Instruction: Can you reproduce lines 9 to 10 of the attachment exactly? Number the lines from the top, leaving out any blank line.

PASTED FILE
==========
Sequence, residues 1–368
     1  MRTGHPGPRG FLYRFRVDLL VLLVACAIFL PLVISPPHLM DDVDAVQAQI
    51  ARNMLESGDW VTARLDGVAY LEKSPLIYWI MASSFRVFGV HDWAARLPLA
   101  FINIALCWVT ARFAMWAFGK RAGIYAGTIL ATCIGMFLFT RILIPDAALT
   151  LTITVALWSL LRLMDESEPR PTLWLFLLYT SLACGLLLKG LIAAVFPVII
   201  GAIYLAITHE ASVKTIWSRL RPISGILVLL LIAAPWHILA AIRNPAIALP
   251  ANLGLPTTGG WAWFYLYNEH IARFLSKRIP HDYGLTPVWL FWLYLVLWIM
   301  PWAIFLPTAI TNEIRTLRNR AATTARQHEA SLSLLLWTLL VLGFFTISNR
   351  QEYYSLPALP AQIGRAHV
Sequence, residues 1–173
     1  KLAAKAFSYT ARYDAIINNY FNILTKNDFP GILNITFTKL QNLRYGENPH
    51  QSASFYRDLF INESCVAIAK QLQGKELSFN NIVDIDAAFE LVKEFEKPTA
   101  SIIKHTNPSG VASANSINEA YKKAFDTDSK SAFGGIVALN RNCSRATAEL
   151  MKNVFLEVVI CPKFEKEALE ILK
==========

   351  QEYYSLPALP AQIGRAHV
Sequence, residues 1–173